UJA-Federation Named In New Suit Filed Under Child Victims Act


In a new lawsuit, a first-time plaintiff is alleging sexual abuse at the hands of a rabbi who worked at an all-boys Jewish summer camp in the Catskills that he attended as an 8-year-old in 1969.

The suit, filed on Oct. 28 in state Supreme Court, names Heshi Nussbaum, a former staff member at camp Mogen Avraham, as a defendant. It also names Camps Mogen Avraham, Heller, Sternberg, Inc., a corporation consisting of several Jewish overnight camps, and UJA-Federation of New York, which, according to the lawsuit, financially supported the camps.

UJA-Federation replied that it “never owned, operated or controlled the camp, and is wrongly included as a defendant.”

According to the complaint, Nussbaum, the camp rabbi, sexually abused the plaintiff between 20 and 30 times over the course of the summer of 1969. Nussbaum would take the plaintiff, identified as John WR Doe, into his cabin alone where he would sexually abuse him, according to the suit. The molestation, the suit alleges, continued throughout the summer session, even after a fellow camp attendee witnessed and reported the abuse to a head counselor.

In the early 1980s, Nussbaum pleaded guilty in Toronto to child abuse charges relating to his time as a teacher at a local yeshiva, but served no jail time. In approximately 2012, Nussbaum was arrested in Toronto, where he lives, for abuse against multiple minors.

“Conversations around child sexual abuse in the Jewish community have just begun,” said Saul E. Wolf, one of the attorneys representing the plaintiff. While Wolf has litigated cases against Catholic dioceses “across the country,” this is his firm’s first case involving the New York Jewish community since the passage of the revised Child Victims Act earlier this year. Signed into law on Aug. 14, the legislation opened up a one-year period to allow victims of all ages to seek redress in the courts despite prevailing statutes of limitation. The law allows survivors to seek justice against perpetrators and institutions that enabled abuse.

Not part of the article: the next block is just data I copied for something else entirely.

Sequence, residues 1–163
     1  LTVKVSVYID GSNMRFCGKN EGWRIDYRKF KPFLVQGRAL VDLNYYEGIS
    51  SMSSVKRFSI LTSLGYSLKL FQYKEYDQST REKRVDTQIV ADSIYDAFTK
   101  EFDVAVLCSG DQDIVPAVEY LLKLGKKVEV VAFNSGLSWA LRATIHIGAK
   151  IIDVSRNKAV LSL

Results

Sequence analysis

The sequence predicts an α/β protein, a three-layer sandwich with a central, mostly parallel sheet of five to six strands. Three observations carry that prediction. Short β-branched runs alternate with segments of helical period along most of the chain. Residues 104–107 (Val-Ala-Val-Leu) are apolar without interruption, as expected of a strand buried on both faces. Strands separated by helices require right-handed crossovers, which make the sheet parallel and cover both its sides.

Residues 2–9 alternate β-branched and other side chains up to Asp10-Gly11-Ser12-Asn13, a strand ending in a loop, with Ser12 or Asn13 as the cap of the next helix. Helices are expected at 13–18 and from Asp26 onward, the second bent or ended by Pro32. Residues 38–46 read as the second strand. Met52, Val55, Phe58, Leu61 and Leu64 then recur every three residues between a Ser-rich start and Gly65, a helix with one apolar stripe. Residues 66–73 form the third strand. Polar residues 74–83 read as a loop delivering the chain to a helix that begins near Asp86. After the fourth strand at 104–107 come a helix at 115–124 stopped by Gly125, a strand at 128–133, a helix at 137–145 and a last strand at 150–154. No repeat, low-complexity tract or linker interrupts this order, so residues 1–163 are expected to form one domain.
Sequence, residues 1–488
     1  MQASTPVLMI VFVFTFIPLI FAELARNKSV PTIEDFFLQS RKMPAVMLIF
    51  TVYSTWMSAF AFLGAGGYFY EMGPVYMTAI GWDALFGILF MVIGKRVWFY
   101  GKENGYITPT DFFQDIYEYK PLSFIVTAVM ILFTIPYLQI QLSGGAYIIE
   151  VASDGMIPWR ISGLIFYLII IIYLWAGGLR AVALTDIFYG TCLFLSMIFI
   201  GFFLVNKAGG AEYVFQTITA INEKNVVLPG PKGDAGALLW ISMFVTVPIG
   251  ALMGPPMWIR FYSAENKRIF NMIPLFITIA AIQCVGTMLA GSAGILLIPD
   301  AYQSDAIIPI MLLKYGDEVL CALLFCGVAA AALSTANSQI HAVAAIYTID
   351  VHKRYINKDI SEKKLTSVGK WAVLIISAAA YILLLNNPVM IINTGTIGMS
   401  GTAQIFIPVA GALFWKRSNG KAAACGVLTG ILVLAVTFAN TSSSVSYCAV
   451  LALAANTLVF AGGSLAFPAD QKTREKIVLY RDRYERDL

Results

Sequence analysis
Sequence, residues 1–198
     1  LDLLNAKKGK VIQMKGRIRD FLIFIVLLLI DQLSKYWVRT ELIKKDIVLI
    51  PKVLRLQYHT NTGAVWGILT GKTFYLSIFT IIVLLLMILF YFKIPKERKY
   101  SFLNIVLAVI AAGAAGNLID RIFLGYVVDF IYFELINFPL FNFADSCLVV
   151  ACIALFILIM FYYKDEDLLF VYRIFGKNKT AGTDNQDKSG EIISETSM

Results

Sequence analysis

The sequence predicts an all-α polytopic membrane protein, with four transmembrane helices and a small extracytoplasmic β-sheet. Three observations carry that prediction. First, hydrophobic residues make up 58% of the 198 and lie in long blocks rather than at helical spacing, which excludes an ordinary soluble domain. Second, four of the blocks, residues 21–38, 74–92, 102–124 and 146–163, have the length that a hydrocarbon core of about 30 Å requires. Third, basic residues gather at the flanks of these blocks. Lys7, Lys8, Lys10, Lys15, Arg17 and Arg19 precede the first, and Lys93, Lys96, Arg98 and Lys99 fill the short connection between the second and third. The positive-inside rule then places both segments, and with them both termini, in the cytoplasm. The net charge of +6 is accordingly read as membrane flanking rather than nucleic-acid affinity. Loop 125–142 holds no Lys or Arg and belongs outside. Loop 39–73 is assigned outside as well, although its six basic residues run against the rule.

“As with a lot of tight-knit communities, leaders and institutions have prioritized looking out for their own ahead of the safety of children,” said Wolf.

While the plaintiff, now in his late 50s, was “torn” about whether or not to come forward, the pain of being “completely pushed aside by the faith community he loved” helped him make the decision to proceed, said Wolf.

“My objective in filing this lawsuit is not to hurt the Jewish community as a whole, but rather to expose these crimes and to ‘call out’ those who enabled them in my case and other similar cases,” the plaintiff said in a written statement. “Additionally, I believe it will decrease future crimes and bring perpetrators and enablers to justice.”

The lawsuit claims that Rabbi Ronnie Greenwald, an educator, activist and founder of Mogen Avraham, who is described in the suit as an “iconic” leader of Jewish camping, knew about Nussbaum’s behavior, yet failed to prevent his hire at Camp Mogen Avraham. Rabbi Greenwald died in 2016.

The defendants stand accused of neglecting to prevent child sexual abuse at the camp and continuing to employ Nussbaum to work with children unsupervised despite allegations of abuse.

Asked for comment about the lawsuit, a UJA-Federation spokesperson said, “We don’t currently make a grant to the camp. We have made grants in the past. We don’t know if a grant was made in 1969. UJA-Federation of New York was unaware of the allegations made in the complaint. The allegations are very disturbing.” The spokesperson added that the charity neither owned nor operated the camp and should not be included in the suit.

A timeline of UJA-Federation activities, available on the website of the American Jewish Historical Society, notes that in 1961, “the Williamsburg YM-YWHA begins sponsoring Camp Mogen Avraham.” Elsewhere on the same website Mogen Avraham is listed among over  300 “affiliated agencies,” or fundees.

Efforts to reach the camp were unsuccessful.